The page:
She says the best part of the co-response program is that she connects with people who might need CMH's services but would never reach out for them directly.
"There are some things the 911 operator might miss and the police would deal with them, and not call us in until after the fact," Holston says. "Now, we can find people ourselves who need help. We could connect substance abuse clients to a facility, get on the phone with them, and get them an appointment."
Deputy Roy calls that kind of extended interaction with a community member a "warm hand-off" to needed services.
He says other deputies love the co-response unit because it frees them up from mental health calls that can eat up large chunks of their day. In contrast, Roy says, "I can spend as long as I need."
Community Mental Health social worker Christine Holston.
"If I have to spend three hours helping someone in crisis, I can," Roy says. "If I can get your trust, I'll drive you there, we'll chat the whole way, and I'll go in with you. I can explain to the doctor what's going on and get you admitted. You're not alone, and it's not as scary."
Cortes is confident in the pairing.
"We were able to select a clinician from my team that already does this work well and is comfortable with it. And we have a deputy we know is already really good at de-escalation and working with someone in a mental health crisis," Cortes says. "That takes some of the randomness out of it on the CMH side. To an extent, that will guarantee the outcome will be a positive, safe response that meets the needs of citizens."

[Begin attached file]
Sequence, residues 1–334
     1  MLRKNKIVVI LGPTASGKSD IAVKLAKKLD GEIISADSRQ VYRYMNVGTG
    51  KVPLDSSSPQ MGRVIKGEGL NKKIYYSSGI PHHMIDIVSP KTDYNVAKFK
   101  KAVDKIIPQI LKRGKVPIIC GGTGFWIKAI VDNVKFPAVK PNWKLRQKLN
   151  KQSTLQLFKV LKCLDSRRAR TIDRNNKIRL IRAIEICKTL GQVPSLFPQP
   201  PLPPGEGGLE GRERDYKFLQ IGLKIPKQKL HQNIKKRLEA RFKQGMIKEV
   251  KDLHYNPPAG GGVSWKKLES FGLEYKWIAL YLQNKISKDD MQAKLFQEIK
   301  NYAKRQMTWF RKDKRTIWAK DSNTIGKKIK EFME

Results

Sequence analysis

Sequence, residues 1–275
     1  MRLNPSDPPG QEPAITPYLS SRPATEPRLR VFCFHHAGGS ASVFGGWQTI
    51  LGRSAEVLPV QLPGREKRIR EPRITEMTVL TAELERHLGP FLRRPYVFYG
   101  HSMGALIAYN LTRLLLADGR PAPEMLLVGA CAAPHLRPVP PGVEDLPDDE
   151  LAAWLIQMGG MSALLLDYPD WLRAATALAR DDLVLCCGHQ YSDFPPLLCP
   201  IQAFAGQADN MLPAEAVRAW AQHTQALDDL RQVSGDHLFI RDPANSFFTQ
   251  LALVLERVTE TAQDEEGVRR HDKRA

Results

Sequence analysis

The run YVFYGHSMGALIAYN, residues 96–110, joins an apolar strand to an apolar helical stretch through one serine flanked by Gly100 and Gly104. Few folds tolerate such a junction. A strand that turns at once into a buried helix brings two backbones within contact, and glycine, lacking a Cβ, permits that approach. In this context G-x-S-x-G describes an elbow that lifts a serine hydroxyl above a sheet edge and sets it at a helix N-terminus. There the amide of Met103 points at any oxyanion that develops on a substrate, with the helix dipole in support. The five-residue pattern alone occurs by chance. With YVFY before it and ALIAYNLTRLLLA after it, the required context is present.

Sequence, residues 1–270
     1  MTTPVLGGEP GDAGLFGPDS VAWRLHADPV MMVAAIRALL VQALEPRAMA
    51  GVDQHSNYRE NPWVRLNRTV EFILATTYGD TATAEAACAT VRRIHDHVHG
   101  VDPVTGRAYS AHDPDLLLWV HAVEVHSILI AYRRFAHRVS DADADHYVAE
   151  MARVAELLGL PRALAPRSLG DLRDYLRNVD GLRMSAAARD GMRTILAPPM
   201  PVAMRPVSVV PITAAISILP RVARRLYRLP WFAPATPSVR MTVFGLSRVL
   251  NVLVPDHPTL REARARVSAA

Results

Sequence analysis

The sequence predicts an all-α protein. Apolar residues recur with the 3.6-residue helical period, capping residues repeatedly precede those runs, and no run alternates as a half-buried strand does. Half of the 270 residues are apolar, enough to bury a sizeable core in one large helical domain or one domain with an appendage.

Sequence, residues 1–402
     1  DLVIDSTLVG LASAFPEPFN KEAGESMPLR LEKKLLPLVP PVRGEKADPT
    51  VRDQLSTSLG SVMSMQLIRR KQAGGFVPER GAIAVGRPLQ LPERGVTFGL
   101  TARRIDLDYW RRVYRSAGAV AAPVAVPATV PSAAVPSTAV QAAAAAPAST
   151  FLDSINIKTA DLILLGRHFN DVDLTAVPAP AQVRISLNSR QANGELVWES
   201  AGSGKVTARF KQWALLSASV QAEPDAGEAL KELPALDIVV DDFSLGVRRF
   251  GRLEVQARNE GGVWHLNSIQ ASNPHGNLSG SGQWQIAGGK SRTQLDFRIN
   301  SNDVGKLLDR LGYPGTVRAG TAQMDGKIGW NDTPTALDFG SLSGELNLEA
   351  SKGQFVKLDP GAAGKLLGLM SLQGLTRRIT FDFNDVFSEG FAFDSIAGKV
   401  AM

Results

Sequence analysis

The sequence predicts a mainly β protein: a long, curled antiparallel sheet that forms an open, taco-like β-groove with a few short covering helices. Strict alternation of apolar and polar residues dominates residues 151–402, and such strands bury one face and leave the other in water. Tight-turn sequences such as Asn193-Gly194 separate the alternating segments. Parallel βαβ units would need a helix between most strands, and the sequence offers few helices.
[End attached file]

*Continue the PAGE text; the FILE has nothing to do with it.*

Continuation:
Beyond the pilot program
The pilot program kicked off in Ypsilanti Township over the summer. Sheriff Jerry Clayton says Ypsilanti Township officials were willing to extend the pilot for another three months after the initial three-month trial, and then keep extending it if it continues to prove useful.
CMH and the sheriff's office have contracted with the University of Chicago's Urban Labs Health Lab
to evaluate the pilot program and provide guidance for changes or expansions.
Christine Holston and Deputy James Roy on the night shift along Washtenaw Avenue.
"That's given us a lot of value, because we're learning as we do this," Clayton says.
Next, Clayton says he'd like to get additional training for dispatchers to make it easier for them to identify calls that should go to the co-response team.
"We've been looking nationally, and are still looking, for a training model for dispatchers," Clayton says. "We think maybe it doesn't exist and we will probably end up designing our own."
Clayton and Cortes both say they'd like to see this program extended across all of Washtenaw County.
"We're already seeing so much success that, at the first of the year, we're planning to add another co-response unit, still in the pilot area of Ypsilanti Township," Cortes says. "I'm hoping, though, we can have a county-wide conversation with all municipalities and law enforcement agencies about how we can make this a county-wide model."
Sarah Rigg is a freelance writer and editor in Ypsilanti Township and the project manager of On the Ground Ypsilanti. She joined Concentrate as a news writer in early 2017 and is an occasional contributor to other Issue Media Group publications. You may reach her at firstname.lastname@example.org.
All photos by Doug Coombe.